Where have all the fathers gone?
That’s the question in this marvelous first novel. It’s 1991 in Maple Rock, a white ethnic Catholic suburb of Detroit. Narrator Michael Smolij is 16 when his uncle disappears, and then his father, an unemployed draftsman. A shoe-store owner leaves a note: “I’m going to the moon.” A few dozen more family men leave, never to return. Michael’s cousin Nick thinks they may be hiding out in an old hunting cabin, but the cabin’s empty, and it becomes an article of faith among the no-nonsense teenagers that their fathers have gone to the moon, a change of address as real as beer or pizza. Overnight, the boys become men, taking after-school jobs, throwing back vodka shots, having sex like there’s no tomorrow. In actuality, they are consumed by grief and rage. Michael’s kid brother, Kolya, acts up in school and is put on Ritalin; “Miserable Mikey” struggles with depression. The story sees these ultimate deadbeat dads through a scrim of magic and superstition, their disappearance signaling that life is a series of trapdoors, that there’s no permanence, neither in jobs nor in dads. Michael slowly makes a life for himself, getting a job at the new mall along with his buddies and falling in love with a sexy coworker who’s a single parent, victim of another deadbeat dad. Yet for every gain, there’s a loss: his mother remarries, happily, but leaves their decaying neighborhood; Nick starts his own family but loses his daredevil fire; Kolya develops into a promising athlete but enlists after 9/11. In an eerie reprise of the moon exodus 12 years before, the sons, now fathers themselves, gather spontaneously at their old rendezvous, unsure of their own loyalties.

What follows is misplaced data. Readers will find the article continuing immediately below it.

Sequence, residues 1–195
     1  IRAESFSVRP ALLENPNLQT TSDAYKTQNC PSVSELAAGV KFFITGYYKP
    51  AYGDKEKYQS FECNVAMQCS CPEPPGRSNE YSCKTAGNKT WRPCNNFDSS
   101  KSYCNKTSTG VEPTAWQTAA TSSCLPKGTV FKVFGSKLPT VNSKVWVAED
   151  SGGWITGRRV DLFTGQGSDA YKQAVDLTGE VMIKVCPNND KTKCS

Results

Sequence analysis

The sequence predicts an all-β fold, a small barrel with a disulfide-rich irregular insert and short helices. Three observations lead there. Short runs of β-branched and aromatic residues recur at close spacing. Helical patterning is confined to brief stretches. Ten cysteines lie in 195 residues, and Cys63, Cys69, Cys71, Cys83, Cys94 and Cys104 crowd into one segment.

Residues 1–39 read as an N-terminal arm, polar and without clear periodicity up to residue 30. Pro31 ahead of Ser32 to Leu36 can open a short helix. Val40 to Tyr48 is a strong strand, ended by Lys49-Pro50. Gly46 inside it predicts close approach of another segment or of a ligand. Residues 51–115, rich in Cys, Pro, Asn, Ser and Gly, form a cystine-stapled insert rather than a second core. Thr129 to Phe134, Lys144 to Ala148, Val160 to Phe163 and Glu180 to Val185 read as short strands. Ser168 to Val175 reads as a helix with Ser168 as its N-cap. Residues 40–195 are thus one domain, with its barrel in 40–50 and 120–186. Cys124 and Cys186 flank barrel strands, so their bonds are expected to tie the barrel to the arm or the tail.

Bakopoulos doesn’t make a single wrong move, seamlessly integrating the magic-realism elements into the rest. A dazzling debut that’s both earthy and anguished as hope battles despair, with heartbreak always just below the surface.